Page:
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Aruba strikes back at Motorola's patent claims

Sued by Motorola in August over four WLAN-related patents, Aruba is now countersuing, arguing that its use of the patents had gone unchallenged for years.

Aruba Networks has filed a lawsuit against two Motorola subsidiaries.

The suit is in response to patent-infringement claims issued in August by Symbol and Wireless Valley Communications over four patents on wireless local-area network architecture.

Subsidiaries Symbol and Wireless Valley Communications are seeking to stop Aruba from distributing much of its equipment in the U.S. Aruba is seeking to invalidate their claims.

Aruba's countersuit alleges that Symbol knew about Aruba's technologies more than four years ago, yet has not sued over the patents until now.

"Recognizing the superiority of Aruba's technologies, Symbol tried to get access to them by buying Aruba," the company said in a filing on Wednesday. "Throughout the first half of 2003, in the course of discussions initiated by Symbol, Aruba gave Symbol essentially unfettered access to Aruba's products--the way they were designed, built, tested and made--and to Aruba's business and marketing strategies and plans. Although Symbol was very interested in acquiring Aruba and its technologies, ultimately the parties were not able to agree on the complete terms of a transaction."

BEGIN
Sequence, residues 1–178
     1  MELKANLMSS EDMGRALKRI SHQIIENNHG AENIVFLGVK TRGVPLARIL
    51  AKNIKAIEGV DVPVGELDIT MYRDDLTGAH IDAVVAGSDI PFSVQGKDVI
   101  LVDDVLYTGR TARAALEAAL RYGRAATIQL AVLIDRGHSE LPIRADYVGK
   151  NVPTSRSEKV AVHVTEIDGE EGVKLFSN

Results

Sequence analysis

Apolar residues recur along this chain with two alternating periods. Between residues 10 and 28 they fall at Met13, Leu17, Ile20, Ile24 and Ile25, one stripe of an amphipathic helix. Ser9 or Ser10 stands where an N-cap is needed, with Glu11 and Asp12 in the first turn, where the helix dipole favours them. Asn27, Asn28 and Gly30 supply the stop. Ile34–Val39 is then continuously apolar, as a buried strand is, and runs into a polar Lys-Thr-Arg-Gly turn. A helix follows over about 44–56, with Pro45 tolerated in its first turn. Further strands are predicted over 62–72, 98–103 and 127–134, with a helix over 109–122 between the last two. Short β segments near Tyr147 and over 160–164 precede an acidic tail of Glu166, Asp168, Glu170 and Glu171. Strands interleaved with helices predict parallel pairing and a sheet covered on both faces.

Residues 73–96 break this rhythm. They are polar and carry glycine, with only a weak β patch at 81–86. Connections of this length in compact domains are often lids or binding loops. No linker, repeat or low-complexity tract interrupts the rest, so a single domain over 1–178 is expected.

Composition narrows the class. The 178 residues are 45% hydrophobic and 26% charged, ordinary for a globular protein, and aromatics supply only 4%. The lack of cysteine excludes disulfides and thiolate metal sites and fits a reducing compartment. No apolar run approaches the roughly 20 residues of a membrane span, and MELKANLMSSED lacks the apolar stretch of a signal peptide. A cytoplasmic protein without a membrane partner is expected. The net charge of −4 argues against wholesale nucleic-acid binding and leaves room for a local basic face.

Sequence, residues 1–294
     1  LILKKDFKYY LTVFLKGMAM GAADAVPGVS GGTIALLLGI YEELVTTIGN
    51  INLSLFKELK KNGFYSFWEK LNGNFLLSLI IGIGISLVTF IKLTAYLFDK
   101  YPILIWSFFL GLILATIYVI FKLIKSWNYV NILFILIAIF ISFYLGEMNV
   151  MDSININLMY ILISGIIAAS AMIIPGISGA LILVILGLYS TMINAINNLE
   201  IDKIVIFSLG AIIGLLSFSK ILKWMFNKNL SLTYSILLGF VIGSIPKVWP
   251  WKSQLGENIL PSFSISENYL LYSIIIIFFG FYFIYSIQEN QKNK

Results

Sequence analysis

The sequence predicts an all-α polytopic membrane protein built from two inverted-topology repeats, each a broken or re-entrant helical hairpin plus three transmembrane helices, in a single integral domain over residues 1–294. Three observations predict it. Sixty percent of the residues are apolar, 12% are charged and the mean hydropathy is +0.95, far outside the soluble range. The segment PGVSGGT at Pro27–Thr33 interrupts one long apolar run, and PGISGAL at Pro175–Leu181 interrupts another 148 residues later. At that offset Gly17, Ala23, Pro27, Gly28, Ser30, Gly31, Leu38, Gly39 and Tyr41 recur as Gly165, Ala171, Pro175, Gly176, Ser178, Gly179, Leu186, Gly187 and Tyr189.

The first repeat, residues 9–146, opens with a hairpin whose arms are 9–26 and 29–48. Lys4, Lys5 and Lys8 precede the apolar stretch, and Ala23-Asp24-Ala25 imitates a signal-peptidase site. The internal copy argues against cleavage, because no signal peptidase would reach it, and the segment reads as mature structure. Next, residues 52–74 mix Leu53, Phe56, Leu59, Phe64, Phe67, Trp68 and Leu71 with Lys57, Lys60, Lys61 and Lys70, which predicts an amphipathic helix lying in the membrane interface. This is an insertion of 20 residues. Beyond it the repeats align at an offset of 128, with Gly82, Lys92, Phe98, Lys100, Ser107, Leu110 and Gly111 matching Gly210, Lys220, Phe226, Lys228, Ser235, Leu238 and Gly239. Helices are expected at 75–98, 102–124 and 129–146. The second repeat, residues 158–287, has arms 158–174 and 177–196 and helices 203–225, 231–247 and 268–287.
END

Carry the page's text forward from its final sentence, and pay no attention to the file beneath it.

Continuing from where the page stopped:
Aruba claims that despite this access to its technology back in 2003, Symbol made no assertion that the technology in question violated the Motorola subsidiary's patents.

"At no point during Symbol's efforts to convince Aruba did Symbol advise or suggest that Symbol had already invented the technology that Aruba had. In fact, quite the contrary: Symbol was very impressed with Aruba's technologies, and told Aruba that it [Symbol] thought those technologies to be superior to, and different from, Symbol's," read the filing.

Rather than Symbol being motivated by concerns that its intellectual property had been violated, Aruba's filing asserts that the Motorola subsidiary's original suit was intended to weaken a company that it sees as a strong competitor.

"Sometimes, when companies are losing in the marketplace, they sue--hoping that they can persuade jurors to overrule the verdict of the market. This lawsuit...is that type of case, " the filing stated.

Motorola refused to comment on Aruba's filing.

David Meyer of ZDNet UK reported from London.